Gender Discrimination has unfortunately been around for as long as time, infiltrating many corners of people’s lives. But when you feel discriminated against at your high school, the lawsuit process can be much trickier than some might think. The Court of Appeals for the Fifth Circuit addresses whether a Title IX claim can be brought and successfully won when a picture is posted to the internet, violating a school’s policy.
Rebecca Arceneaux attended Assumption High School (“AHS”) and was on the varsity cheerleading team from her freshman to junior years. A photo of Arceneaux in her uniform skirt that was raised appeared on the popular social media app Snapchat. This publicly viewed picture was brought to the attention of the school, and Arceneaux was punished with in-school suspension and dismissed from the cheerleading team. Arceneaux’s parents appealed the suspension with no avail. On May 19, 2016, her parents filed suit on her behalf against the school, claiming the discipline constituted gender discrimination under Title IX of the Education Amendments of 1972, 20 U.S.C. § 1681, and the Equal Protection Clause of the Fourteenth Amendment to the United States Constitution, which is actionable under 42 U.S.C. § 1983.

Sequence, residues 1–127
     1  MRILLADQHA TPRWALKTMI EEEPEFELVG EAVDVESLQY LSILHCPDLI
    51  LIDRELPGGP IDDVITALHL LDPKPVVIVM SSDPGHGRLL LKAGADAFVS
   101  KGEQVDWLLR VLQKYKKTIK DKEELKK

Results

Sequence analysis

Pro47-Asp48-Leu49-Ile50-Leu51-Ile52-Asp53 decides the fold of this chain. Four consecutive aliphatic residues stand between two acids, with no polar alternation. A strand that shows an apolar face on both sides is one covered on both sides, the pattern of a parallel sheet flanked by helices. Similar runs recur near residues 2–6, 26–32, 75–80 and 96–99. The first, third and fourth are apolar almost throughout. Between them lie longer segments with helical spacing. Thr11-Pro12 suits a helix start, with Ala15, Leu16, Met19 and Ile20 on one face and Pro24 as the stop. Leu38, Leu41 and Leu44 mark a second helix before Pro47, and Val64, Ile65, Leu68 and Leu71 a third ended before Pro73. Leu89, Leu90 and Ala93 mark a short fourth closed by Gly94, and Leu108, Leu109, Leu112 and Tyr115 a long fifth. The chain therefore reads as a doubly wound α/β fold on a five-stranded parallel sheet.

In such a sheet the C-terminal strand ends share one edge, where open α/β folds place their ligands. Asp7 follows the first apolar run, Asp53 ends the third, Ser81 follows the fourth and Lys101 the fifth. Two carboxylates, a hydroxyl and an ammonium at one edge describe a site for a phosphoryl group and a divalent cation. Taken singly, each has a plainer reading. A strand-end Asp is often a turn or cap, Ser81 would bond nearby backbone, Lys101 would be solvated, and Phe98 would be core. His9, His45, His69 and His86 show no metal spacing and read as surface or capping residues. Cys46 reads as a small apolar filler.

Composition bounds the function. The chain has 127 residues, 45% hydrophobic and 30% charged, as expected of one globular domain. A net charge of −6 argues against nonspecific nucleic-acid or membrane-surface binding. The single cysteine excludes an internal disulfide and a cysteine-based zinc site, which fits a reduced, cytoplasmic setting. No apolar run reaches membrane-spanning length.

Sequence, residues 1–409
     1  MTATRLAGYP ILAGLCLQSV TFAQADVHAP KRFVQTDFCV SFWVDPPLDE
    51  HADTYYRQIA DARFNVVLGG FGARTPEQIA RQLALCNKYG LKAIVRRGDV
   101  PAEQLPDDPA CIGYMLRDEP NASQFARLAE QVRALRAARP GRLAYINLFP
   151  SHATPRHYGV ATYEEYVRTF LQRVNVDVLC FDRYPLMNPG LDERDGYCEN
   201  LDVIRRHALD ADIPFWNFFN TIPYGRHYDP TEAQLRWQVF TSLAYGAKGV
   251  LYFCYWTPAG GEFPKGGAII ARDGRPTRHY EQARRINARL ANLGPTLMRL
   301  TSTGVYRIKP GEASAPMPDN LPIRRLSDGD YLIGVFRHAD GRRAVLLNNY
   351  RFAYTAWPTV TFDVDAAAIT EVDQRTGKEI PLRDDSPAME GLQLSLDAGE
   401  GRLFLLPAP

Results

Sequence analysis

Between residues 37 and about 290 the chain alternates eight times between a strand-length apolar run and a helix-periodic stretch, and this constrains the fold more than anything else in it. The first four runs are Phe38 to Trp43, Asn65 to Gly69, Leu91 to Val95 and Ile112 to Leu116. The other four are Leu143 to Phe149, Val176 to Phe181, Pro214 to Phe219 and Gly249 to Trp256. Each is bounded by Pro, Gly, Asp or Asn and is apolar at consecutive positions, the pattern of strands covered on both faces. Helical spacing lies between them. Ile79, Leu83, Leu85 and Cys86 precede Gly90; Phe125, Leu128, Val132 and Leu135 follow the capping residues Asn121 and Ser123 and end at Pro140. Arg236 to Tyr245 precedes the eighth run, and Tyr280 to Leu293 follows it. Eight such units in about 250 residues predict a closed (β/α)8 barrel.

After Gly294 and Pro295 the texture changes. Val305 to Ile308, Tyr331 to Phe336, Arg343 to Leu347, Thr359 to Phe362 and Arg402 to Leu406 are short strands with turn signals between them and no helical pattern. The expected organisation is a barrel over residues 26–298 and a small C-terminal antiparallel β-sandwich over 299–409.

On appeal, the Court of Appeals for the Fifth Circuit considered words of Title IX and gender discrimination. AHS is under the jurisdiction that receives federal funding for operation and benefits. Arceneaux alleged that this jurisdiction subjected her to intentional discrimination by punishing female student-athletes more harshly than a male athlete would be punished for doing the same or similar behavior.